Faculty

Computer Organization

Intermediate , Seminar—Spring

The focus of this course is on the selection and interconnection of components that make up a computer. There are two essential categories of components in modern computers: the hardware (the physical medium of computation) and the software (the instructions executed by the computer). As technology becomes more complex, the distinction between hardware and software blurs. We will study why this happens, as well as why hardware designers need to be concerned with the way software designers write programs and vice versa. Along the way, we will learn how computers work from higher-level programming languages such as Java, Python, and C down to the basic zeroes and ones of machine code. Topics include Boolean logic, circuit design, computer arithmetic, assembly and machine languages, memory hierarchies, and parallel processing. Special attention will be given to the ARM family of instruction—set architectures, now the world's most common, general-purpose microprocessors. Time permitting, we will investigate the relationship between energy consumption and the rise of multicore and mobile architectures.

Faculty

Data Structures and Algorithms

Intermediate , Seminar—Spring

In this course, we will study a variety of data structures and algorithms that are important for the design of sophisticated computer programs, along with techniques for managing program complexity. We will use Java—a strongly typed, object-oriented programming language—throughout the course. Topics covered will include types and polymorphism, arrays, linked lists, stacks, queues, priority queues, heaps, dictionaries, balanced trees, and graphs, along with several important algorithms for manipulating these structures. We will also study techniques for analyzing the efficiency of algorithms. The central theme tying all of these topics together is the idea of abstraction and the related notions of information hiding and encapsulation, which we will emphasize throughout the course. Weekly lab sessions will reinforce the concepts covered in class through extensive hands-on practice at the computer.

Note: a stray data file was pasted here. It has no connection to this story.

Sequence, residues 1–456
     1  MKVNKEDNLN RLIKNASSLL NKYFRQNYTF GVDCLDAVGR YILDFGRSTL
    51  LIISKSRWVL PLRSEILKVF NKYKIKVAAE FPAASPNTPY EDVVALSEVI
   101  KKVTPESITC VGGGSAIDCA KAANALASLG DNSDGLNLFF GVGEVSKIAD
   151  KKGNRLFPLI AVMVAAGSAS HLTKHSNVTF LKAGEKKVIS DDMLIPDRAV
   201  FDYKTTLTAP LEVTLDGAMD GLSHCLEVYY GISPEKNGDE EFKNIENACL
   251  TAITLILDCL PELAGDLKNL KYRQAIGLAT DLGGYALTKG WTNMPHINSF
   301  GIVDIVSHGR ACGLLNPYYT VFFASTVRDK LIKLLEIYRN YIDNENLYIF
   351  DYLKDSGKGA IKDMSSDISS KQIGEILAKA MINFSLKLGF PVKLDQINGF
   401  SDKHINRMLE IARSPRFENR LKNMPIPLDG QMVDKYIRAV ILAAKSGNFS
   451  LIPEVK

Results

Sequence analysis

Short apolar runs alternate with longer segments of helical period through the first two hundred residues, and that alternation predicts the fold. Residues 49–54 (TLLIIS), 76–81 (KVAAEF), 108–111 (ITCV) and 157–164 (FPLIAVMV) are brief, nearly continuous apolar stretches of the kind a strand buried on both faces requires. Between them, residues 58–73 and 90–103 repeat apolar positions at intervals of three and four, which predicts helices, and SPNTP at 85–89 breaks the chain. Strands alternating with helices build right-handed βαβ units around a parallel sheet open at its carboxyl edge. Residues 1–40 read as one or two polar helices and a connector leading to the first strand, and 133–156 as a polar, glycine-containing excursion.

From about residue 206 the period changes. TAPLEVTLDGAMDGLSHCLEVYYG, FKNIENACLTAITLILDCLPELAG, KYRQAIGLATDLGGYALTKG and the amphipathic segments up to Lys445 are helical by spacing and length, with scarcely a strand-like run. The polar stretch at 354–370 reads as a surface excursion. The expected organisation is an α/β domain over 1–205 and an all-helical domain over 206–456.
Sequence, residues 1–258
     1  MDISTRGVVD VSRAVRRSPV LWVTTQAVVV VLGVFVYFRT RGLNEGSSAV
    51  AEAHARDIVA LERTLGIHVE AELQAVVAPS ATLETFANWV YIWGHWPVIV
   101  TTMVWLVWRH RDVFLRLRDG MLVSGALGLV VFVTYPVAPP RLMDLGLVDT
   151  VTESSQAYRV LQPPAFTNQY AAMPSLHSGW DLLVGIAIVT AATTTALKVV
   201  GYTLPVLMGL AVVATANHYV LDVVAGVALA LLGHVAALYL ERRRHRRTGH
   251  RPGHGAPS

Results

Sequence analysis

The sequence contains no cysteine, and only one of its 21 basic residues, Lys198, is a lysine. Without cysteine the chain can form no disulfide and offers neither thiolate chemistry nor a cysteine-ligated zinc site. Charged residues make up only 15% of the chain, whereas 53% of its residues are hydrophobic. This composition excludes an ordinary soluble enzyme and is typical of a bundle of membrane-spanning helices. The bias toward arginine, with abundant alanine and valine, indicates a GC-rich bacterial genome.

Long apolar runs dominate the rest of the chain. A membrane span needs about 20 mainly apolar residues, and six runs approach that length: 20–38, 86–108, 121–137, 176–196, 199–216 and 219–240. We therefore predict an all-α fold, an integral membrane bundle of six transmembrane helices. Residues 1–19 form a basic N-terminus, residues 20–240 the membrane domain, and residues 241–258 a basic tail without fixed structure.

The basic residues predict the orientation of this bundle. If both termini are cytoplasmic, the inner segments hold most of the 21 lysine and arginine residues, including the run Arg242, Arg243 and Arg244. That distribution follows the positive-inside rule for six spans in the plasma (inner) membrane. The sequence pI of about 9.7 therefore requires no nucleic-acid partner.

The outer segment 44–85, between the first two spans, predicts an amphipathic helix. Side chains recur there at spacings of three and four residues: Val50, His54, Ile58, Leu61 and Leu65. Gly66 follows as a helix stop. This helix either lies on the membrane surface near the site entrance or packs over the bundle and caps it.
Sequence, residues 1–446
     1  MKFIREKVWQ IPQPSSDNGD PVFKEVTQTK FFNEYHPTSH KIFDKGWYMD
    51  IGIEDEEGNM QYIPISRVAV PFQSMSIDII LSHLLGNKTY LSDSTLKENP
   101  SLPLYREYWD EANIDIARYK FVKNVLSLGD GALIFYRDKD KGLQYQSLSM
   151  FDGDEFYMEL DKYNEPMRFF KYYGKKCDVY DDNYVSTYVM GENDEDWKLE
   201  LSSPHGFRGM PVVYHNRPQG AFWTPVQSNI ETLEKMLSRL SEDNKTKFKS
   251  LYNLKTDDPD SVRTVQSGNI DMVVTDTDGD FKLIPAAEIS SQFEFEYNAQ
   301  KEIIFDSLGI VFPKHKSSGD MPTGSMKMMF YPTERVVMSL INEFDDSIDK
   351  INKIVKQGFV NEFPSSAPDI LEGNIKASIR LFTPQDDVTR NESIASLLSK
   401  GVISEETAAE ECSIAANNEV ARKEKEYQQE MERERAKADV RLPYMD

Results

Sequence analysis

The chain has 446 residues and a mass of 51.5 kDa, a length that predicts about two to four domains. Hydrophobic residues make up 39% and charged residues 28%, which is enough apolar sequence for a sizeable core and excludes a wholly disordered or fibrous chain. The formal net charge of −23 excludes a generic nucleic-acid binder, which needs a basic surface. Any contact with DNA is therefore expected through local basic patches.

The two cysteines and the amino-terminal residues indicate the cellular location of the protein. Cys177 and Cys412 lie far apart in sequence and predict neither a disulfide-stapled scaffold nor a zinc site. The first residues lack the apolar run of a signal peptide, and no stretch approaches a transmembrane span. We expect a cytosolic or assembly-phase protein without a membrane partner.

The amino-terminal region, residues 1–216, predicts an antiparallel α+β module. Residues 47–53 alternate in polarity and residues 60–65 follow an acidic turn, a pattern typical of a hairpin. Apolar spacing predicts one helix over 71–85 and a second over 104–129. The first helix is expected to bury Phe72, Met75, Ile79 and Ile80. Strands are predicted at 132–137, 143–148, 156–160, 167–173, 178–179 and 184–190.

Faculty

Related Mathematics Courses

Discrete Mathematics: A Gateway to Advanced Mathematics

Intermediate , Seminar—Fall

Your voice will produce a mostly continuous sound signal when you read this sentence out loud. As it appears on the page, however, the previous sentence is composed of 79 distinct characters, including letters and a punctuation mark. Measuring patterns—whether continuous or discrete—is the raison d'être of mathematics, and different branches of mathematics have developed to address the two sorts of patterns. Thus, a course in calculus treats motion and other continuous rates of change. In contrast, discrete mathematics addresses problems of counting, order, computation, and logic. We will explore these topics and their implications for mathematical philosophy and computer science. The form of this seminar will be that of a (mathematical) writing workshop. We will work collaboratively to identify and reproduce the key formal elements of mathematical exposition and proof as they appear in both the discrete mathematics literature and in each other’s writing. This seminar is designed for students interested in advanced mathematical study and highly recommended for students with an interest in computer science, law, logic, or philosophy.